4. Give residents the information they need: Input is generally the most useful when the people providing it have information about the benefits of the choices they prefer. Community gardeners love gardening, and they think it is good for the environment (and they are right!). But when they find out that a composting program reduces greenhouse gas emissions by a paltry 100 tons over ten years and infrastructure to provide charging for electric vehicles has an impact of 20,000 tons, they get it.
But Who’ll Pay the Bill?
While these suggestions will help inspire useful citizen participation in decision making, things get trickier when it comes to the question of paying for the solutions for which people may advocate.
I participated in a webinar earlier this year with a dozen cities that are in various stages of creating or updating a climate plan. When it came to how to address the issue of the cost of mitigation strategies, the group was split right down the middle. Some adamantly said that cost should be up front when strategies are discussed, perhaps as prominent as the projected reduction in pollutants. They argued that not including cost figures doomed plans to never being implemented.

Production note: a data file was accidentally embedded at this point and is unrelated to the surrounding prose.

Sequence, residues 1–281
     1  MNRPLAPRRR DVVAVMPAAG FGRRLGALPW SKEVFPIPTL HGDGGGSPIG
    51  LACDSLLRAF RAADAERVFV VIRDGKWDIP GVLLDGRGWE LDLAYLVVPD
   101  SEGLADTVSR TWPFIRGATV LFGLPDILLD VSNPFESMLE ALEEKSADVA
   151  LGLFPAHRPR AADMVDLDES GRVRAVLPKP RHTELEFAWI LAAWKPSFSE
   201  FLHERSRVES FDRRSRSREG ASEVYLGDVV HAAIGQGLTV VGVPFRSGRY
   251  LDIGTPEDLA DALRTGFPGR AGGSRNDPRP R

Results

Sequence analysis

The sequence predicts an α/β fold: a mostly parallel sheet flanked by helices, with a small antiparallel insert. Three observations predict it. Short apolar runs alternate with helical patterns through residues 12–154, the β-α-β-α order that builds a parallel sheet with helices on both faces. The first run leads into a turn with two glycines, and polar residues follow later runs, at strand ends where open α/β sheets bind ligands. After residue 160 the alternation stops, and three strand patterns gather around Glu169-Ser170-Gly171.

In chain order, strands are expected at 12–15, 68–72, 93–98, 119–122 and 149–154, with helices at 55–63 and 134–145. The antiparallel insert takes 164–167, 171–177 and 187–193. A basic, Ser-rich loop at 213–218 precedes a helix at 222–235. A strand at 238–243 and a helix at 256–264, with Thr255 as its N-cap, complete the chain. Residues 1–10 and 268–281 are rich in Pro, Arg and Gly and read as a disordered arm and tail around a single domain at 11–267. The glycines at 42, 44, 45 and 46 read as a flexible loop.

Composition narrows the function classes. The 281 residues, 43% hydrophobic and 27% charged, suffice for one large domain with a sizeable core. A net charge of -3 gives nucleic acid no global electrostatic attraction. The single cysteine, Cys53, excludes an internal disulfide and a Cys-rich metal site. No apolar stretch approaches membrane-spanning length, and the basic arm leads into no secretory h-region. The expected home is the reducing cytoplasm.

Equally as strong were climate action planners who said cost should not be included because if it were, the plan would never get off the ground.
My view: Since cost is critical to implementing many strategies it should be included up front. However, especially in certain venues, cost could be added at a second phase once the community understands the value of the potential mitigation steps.
We are at an important time in history for climate action and the Inflation Reduction Act can help to accelerate and multiply the good work done by individuals and communities. Many local governments have been on board with this for decades and have helped get us to this point. Now is the time to press on, with the broadest and deepest public support possible.
By Chris Adams, CEO of Balancing Act, a creator of simulation-based online engagement tools.
NEXT STORY: Local Election Offices Often Are Missing on Social Media